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Professor in Cornell University.

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It is not easy to overemphasize the difficulty of transmitting news and information throughout the United States in the years immediately following the adoption of the Constitution. The necessity of providing means of communication in the older districts, east of the Allegheny Mountains, for purposes of business and social convenience, was but one phase of the problem. Thousands had migrated to the interior, far from the customary route of trade and travel through the seaboard cities, and to bring these interior districts into communication with the older areas of settlement was a political as well as a social and economic necessity. This was especially true of the region west of the mountains, where the people were thought to be wavering in their loyalty to the new Government. It was understood that without public and regular means of conveyance newspapers could not penetrate that distant region nor could a local press develop there. Without this aid in bringing about a better understanding of the purposes of the National Government it was feared that the people of the West would be influenced by intriguers and demagogues and that tendencies toward separation might be increased rather than diminished.1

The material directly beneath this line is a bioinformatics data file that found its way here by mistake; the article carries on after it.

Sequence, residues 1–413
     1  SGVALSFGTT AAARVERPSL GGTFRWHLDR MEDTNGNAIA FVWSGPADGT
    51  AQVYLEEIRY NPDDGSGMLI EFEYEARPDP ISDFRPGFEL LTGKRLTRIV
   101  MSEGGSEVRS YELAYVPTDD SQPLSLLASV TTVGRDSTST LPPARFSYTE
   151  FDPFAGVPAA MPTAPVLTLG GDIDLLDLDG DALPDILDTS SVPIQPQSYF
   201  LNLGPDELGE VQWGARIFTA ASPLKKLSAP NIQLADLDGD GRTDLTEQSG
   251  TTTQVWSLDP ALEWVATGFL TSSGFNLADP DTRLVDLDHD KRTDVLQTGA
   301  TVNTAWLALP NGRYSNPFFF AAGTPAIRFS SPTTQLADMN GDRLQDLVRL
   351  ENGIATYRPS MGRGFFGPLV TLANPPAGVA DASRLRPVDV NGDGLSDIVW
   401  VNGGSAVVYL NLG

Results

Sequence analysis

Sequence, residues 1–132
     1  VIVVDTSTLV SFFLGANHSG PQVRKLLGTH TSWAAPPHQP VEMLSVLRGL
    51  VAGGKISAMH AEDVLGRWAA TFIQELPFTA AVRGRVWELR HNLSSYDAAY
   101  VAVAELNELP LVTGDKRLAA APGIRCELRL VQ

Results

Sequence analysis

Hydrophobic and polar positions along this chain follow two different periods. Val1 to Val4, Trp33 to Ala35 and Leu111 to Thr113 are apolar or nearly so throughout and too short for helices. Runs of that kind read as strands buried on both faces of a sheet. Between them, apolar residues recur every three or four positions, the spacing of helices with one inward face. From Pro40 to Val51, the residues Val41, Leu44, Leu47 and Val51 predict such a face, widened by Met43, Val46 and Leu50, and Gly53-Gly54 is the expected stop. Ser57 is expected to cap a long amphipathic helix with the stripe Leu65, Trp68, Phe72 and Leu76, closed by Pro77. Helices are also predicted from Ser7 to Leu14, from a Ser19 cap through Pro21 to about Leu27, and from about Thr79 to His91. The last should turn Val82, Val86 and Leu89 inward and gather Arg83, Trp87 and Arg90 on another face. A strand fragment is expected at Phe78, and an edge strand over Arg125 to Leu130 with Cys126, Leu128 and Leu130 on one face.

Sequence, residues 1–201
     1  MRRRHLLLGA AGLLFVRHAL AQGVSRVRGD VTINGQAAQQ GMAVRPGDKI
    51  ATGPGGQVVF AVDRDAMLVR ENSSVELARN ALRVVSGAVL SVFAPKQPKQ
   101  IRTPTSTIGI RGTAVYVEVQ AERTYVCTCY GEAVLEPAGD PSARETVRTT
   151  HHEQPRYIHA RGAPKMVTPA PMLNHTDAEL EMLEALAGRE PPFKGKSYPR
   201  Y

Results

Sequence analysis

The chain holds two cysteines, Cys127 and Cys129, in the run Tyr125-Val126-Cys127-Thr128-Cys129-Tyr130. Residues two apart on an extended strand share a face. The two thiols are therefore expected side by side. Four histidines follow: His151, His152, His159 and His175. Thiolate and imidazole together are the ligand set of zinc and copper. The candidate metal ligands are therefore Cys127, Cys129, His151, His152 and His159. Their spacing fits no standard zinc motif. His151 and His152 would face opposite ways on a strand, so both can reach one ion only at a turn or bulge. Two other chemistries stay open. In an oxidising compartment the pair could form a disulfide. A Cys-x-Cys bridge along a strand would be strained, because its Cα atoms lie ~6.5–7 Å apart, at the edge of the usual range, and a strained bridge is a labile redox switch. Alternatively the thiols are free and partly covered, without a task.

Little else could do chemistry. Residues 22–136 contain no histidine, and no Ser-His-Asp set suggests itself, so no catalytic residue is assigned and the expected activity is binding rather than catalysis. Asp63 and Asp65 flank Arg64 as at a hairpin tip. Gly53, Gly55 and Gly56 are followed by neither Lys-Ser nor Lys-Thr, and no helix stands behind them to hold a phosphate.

It is the purpose of this paper to point out the political services of the posts in the early years of the constitutional period with special reference to the assistance rendered in the circulation of newspapers and in the development of a local press in the western States and Territories.

Prior to the Revolution the post roads were limited in extent and importance. The post office was regarded as a source of revenue to the Crown, and in accordance with this theory post roads had been established only where they were profitable. At the close of the colonial period, therefore, they extended from Maine to Georgia, connecting the principal commercial centers on the Atlantic sea

1 Memoirs of Rufus Putnam, 394. Putnam's letter to Pickering, Aug. 30, 1794, illustrates the point.